By 1910 Stromberg was operating at 61 Hanover Street offering "Orchestra, Street and Bass Drums, and Drummers' Traps" along with "repairing of musical instruments of every description".
By the late 1910s, Stromberg labels include an address of 40 Sudbury Street. Both the 1916 and 1918 Boston Directories list Stromberg at this address.
By the early 1920s Stromberg had relocated to 19 Washington Street. Both the 1922 & 1925 Boston Directories list him at this address.
By the Spring of 1927, Stromberg was operating at 40 Hanover Street, an address he would keep for many years.
Many Stromberg drums produced from the 1910s onward bear a small rectangular badge reading "CHAS. A. STROMBERG & SON / DRUMS, HARPS AND MUSICAL INSTRUMENT MFRS. / BOSTON, MASS". The badge also sometimes appears on other instruments including glockenspiels and banjos.
The Celebrated Stromberg Invincible Orchestra Drum
March 30th, 1906
The drum seen here dates from March of 1906 and employs both of Stromberg's 1904 patents. The fully functioning snare throw-off and separate tension lugs were revolutionary at the time this drum was produced. The highly figured bird's-eye maple shell and etched faux rosewood counterhoops are wonderful examples of Stromberg's early craftsmanship.
For more on this beautiful instrument, please see: http://blog.bostondrumbuilders.com/2015/04/the-celebrated-stromberg-invincible.html
Stromberg Orchestra Drum
ca. 1906 - 1910
This drum utilizes the so called 'double tension' method where the rods are adjusted from the side of the drum using a wrench. The heads are tightened simultaneously, however, meaning that it is still a single tension drum.
For more on this drum, please visit:
Stromberg Artist Drum
In addition to producing custom-made guitars, banjos, and professional level snare and bass drums, Stromberg also built instruments aimed at amateur players. Such was the case with this "Artist Drum" dating from about 1905. Note that while this drum was produced at roughly the same time as the one pictured above, it is a single tension drum which does not allow for the heads to be tuned independently.
For more on this drum, please visit:
Stromberg Street Drum
While not as common, Stromberg did produce some large street drums to be used for military style purposes. This example is tensioned using the traditional rope tension method and is outfitted with a Stone Patent Snare Strainer and Muffler.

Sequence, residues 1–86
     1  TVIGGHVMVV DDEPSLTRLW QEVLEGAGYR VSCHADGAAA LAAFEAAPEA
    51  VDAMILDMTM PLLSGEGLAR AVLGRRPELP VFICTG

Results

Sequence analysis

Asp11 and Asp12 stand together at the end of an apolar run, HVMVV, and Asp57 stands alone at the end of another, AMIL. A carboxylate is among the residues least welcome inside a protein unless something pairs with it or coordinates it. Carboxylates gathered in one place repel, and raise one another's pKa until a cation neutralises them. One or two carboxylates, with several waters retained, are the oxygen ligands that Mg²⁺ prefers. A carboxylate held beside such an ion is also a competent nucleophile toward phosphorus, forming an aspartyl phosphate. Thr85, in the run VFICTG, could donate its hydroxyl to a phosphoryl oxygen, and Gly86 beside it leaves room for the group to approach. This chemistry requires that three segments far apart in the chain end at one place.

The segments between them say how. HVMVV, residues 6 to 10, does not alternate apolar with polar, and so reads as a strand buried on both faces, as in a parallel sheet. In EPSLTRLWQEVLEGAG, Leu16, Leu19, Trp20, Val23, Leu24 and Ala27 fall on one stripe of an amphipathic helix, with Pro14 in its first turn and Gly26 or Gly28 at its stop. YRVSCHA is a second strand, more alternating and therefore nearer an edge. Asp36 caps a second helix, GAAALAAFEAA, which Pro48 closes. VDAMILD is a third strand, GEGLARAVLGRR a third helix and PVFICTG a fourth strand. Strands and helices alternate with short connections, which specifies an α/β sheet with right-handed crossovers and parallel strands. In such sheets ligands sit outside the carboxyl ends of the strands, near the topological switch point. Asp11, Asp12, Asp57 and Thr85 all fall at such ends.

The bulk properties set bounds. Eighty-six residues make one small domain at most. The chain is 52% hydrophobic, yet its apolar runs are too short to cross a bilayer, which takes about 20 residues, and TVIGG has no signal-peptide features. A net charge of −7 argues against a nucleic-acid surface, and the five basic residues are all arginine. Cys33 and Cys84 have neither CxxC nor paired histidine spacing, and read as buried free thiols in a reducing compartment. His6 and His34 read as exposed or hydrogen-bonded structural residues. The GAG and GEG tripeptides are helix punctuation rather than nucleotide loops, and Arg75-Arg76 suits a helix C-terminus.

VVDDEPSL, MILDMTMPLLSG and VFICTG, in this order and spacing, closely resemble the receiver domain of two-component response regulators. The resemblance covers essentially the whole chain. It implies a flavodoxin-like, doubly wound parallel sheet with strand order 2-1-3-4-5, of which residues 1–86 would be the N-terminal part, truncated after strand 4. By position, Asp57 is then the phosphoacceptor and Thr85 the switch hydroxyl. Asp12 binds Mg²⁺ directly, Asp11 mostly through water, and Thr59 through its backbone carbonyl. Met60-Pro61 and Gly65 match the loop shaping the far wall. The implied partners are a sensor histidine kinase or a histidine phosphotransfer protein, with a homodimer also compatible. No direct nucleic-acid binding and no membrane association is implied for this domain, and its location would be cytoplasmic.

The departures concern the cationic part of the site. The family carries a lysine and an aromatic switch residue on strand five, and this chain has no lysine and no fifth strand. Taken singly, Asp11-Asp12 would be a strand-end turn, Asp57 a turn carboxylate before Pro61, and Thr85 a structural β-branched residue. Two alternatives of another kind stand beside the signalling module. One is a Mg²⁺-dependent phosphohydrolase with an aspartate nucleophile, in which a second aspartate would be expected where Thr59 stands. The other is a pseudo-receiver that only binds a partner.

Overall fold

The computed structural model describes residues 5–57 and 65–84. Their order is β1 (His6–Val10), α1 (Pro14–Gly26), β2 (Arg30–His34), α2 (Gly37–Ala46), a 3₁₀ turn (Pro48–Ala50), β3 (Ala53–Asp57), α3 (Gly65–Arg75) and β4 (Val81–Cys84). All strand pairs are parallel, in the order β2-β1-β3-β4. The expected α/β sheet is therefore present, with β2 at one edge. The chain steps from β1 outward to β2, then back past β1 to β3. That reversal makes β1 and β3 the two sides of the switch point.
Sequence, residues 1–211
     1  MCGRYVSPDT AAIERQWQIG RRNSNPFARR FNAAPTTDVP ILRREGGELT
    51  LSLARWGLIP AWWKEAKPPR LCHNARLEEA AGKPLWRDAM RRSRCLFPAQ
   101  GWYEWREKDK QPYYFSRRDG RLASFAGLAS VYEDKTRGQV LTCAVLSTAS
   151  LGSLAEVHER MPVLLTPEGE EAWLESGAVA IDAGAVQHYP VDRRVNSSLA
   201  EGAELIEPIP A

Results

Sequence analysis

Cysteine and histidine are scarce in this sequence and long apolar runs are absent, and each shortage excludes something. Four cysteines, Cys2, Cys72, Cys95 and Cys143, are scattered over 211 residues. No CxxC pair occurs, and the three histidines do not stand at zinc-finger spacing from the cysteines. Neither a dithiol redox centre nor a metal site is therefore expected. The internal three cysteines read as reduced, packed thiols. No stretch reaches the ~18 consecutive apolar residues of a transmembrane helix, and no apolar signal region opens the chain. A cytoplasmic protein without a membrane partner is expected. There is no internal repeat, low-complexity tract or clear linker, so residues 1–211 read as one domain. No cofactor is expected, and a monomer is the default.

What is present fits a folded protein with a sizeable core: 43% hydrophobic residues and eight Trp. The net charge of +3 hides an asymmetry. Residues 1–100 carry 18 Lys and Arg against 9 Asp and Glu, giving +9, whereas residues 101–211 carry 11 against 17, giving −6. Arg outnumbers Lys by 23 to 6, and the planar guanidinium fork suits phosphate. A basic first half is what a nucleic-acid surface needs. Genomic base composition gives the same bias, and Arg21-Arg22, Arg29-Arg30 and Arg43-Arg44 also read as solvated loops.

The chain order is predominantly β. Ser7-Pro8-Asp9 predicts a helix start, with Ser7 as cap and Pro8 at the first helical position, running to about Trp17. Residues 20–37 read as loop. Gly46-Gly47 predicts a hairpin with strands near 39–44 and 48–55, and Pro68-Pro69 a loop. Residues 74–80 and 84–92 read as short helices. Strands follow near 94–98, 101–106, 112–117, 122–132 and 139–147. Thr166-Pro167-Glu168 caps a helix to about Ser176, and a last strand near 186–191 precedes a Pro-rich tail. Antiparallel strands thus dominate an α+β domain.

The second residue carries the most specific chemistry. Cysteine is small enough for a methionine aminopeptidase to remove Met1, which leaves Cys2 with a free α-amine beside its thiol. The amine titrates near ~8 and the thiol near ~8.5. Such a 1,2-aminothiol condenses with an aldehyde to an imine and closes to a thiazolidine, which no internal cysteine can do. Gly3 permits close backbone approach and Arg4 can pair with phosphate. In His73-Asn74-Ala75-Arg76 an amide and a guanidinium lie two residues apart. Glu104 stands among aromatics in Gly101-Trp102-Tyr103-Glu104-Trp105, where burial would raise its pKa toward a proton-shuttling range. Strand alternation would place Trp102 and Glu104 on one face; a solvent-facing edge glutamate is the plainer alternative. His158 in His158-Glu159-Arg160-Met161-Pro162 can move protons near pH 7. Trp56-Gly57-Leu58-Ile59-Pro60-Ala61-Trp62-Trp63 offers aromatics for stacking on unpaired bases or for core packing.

For more on this drum, please visit:
Stromberg Orchestra Bells
ca. late 1910s - 1920s
Charles Stromberg along with his sons were capable of producing or repairing any and every instrument needed by Boston's Vaudeville era percussionists including drums, traps, and keyboard instruments such as xylophones or glockenspiels.
Stromberg Invincible Orchestra Drum
ca. late 1910s
This drum bares a label stating that it was produced for a musical instrument retailer in Rhode Island. The Stromberg snare strainer and butt are both stamped with a patent date of March 8th, 1904. Note the updated lugs relative to the earlier Invincible Orchestra Drums.
Upon arrival this drum was in abysmal condition so a full restoration was undertaken. The missing hardware was fabricated by Italian master craftsman Adrian Kirchler who then replated all of the parts in nickel as they were originally. The shell and hoops were faithfully restored in using period correct materials and techniques by Will Tillman, a.k.a. Drummers Dream.
Stromberg Supertone Orchestra Drum
ca. late 1920s
The later generation of Stromberg Supertone drums featured an updated, more streamlined lug design which in effect was just an elaborate tube lug. Examples are also known to exist in wrapped finishes including sparkling gold and marine pearl.
In many ways these drums represents the pinnacle of drum building in Boston during the early 20th Century. Stromberg would ultimately move away from building drums and along with his youngest son Elmer become best known for their big-body archtop guitars of the 1940s and 1950s.
Supertone Stromberg Orchestra Drum
ca. early - mid 1920s
With a redesigned snare throw-off and aluminum counterhoops, Stromberg's "Supertone" model was a truly modern drum in its day. The low profile hoops were intended to not interfere with the drummers sticks. The snare mechanism kept the wires under tension even when not engaged with the bottom head.